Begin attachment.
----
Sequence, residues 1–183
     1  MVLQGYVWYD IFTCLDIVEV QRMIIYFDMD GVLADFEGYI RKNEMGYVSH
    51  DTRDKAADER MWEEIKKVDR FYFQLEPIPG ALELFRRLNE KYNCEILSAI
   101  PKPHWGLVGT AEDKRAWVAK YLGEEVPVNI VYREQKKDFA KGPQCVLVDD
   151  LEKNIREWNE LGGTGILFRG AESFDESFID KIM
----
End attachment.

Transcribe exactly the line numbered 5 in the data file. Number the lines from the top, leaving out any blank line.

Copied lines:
   151  LEKNIREWNE LGGTGILFRG AESFDESFID KIM